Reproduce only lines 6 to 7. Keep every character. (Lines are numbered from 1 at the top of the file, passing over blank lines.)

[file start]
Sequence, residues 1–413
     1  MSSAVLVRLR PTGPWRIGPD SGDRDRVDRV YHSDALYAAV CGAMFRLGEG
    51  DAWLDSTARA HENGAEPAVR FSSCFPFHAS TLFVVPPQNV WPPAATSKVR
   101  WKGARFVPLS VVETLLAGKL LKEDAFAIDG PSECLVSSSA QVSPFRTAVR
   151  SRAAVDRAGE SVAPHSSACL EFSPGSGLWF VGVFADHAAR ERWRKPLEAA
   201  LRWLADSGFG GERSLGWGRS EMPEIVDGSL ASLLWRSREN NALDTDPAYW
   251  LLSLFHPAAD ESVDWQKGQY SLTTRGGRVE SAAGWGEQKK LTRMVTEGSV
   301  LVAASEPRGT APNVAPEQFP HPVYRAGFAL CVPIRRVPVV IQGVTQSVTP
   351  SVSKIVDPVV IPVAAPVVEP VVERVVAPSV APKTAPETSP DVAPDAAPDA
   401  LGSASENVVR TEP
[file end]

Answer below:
   201  LRWLADSGFG GERSLGWGRS EMPEIVDGSL ASLLWRSREN NALDTDPAYW
   251  LLSLFHPAAD ESVDWQKGQY SLTTRGGRVE SAAGWGEQKK LTRMVTEGSV